I think I need therapy.
Also a new job. But it has to be one with health insurance since the Affordable Care Act is about to be gutted, and I’m getting divorced so I don’t have that particular safety net anymore.
I’ve been spoiled for too long, working for the first time in my career for someone who didn’t micromanage daily operations. But, alas, ‘tis no longer so. Not that it’s any one person’s fault, really. It’s the nature of the job. It takes a certain kind of person to not be pressurized by government work.
I’ve been writing about positivity and mental exercises to promote gratitude and all of those lovely idealistic things. And I believe in them, I do. But some days you just want to look your coworkers and your boss in the face and say, “Dude. Really?”
To a certain extent, I can do that, and I’m grateful for it. But it’s draining, and I don’t feel like it should be necessary. I’m too smart for this. I’m burnt out. I’ve been doing the same job with the same hateful, incompetent, complacent people for too long. I’m 37 years old. I still have talent and innovation and passion to invest in my work. And I WANT to.
It won’t happen here.
As for therapy, well … I thought I’d worked through a lot of my codependency issues, but they rear their ugly heads every once in awhile, and I think I might benefit from acknowledging them and getting some assistance. Preferably free assistance. A nice local CoDA meeting, perhaps.
I listened to a Q&A with the comedian Whitney Cummings today, and she addresses codependency in some detail. She refers to herself as a recovering codependent, and she has some great insights.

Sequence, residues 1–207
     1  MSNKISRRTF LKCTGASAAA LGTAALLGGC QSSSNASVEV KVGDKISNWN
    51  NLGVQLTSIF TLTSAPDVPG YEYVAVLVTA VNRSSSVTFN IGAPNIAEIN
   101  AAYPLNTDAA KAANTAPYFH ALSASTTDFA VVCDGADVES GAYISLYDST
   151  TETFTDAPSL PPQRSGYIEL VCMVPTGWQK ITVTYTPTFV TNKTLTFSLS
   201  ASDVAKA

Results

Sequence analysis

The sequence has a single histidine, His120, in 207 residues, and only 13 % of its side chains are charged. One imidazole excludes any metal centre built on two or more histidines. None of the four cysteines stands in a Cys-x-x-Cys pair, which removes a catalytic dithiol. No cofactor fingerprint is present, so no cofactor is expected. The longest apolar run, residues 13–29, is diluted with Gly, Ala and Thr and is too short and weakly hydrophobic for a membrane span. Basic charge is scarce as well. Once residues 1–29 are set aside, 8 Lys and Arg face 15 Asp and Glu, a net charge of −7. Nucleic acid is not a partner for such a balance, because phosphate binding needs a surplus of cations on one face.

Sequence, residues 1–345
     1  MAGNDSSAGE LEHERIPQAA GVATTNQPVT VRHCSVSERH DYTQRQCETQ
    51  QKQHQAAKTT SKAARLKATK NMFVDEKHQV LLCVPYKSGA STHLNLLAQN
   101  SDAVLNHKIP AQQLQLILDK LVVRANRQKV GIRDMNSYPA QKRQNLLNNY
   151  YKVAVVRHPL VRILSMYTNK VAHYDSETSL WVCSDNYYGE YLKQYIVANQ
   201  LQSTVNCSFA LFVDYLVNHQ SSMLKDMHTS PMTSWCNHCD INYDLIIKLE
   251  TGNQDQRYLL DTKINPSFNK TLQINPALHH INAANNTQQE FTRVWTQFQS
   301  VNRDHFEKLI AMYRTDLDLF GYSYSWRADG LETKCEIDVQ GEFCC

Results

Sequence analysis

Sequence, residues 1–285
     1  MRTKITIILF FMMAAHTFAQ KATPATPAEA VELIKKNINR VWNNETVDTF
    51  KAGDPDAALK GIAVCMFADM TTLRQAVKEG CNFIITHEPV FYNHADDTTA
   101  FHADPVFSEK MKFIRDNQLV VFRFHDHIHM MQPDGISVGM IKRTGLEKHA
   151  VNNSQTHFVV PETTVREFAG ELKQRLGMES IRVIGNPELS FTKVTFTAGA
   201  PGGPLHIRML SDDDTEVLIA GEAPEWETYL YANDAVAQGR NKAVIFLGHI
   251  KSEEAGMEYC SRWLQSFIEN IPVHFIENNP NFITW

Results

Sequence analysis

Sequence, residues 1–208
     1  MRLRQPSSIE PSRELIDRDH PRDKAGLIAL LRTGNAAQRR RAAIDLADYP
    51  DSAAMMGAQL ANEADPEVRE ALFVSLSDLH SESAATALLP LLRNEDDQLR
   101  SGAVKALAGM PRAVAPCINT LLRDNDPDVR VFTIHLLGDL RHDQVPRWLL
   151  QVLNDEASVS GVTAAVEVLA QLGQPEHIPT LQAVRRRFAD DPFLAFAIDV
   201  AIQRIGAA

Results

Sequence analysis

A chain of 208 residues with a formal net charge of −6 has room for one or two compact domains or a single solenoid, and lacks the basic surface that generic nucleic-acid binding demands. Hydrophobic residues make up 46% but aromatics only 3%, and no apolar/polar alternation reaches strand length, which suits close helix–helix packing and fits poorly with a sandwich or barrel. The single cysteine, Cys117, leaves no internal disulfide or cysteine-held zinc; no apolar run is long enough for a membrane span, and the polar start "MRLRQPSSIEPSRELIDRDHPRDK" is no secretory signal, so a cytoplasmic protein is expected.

This probably sounds rather trite to anyone who doesn’t understand exactly what it means, but it isn’t. It’s a real thing. In my case, it’s very much tied to my childhood, my relationships with my parents, my marriage and my sense of self. My sense of reality, in many ways.
In the last 18 months, I’ve done a great deal of work to mitigate its effects. I’m thankful to the people who love me for being patient with my process. But more definitely needs to be done.
I don’t know exactly why this is all cropping up today. There’s something about great, looming, turbulent events that focuses the seemingly small, personal, internal conflicts.
But I think that convergence of what matters most in your own singular existence is, in fact, enormously important. There is very little we can do on the world stage (though not nothing – a subject for a different, near-future post). But there is so much we can do with ourselves.
I’m going to take a week off of work soon. No, let me put that differently. I’m taking a week off of my primary job so that I have an extended period of time to devote to two very important varieties of work:
1) Writing. I want to make a career out of writing. I have always wanted to make a career out of writing, from the first story told to me before I learned how to read on my own.
I am a storyteller. It’s who I am. And I haven’t been telling stories, because I’m so afraid of failing.
I am so afraid. And I will do it anyway. Because that is also who I am.
2) Devoting some very serious time to introspection, to examining my past and my behaviors and the many limiting beliefs I have cultivated and shattering them with a figurative hammer.
I am so very tired of meeting everyone’s expectations but my own. I am a strong and beautiful and intelligent and interesting woman. And I need no one to tell me how to think or what to do or what to be.
I want and need and crave an autonomy that I have never experienced and will not find in the work I am currently pursuing. That has to change. The sooner the better.
I wrote a letter the other day, from my 47-year-old self to me. She sounded calm and happy and wise. I want to be her.
And I don’t want to wait 10 years.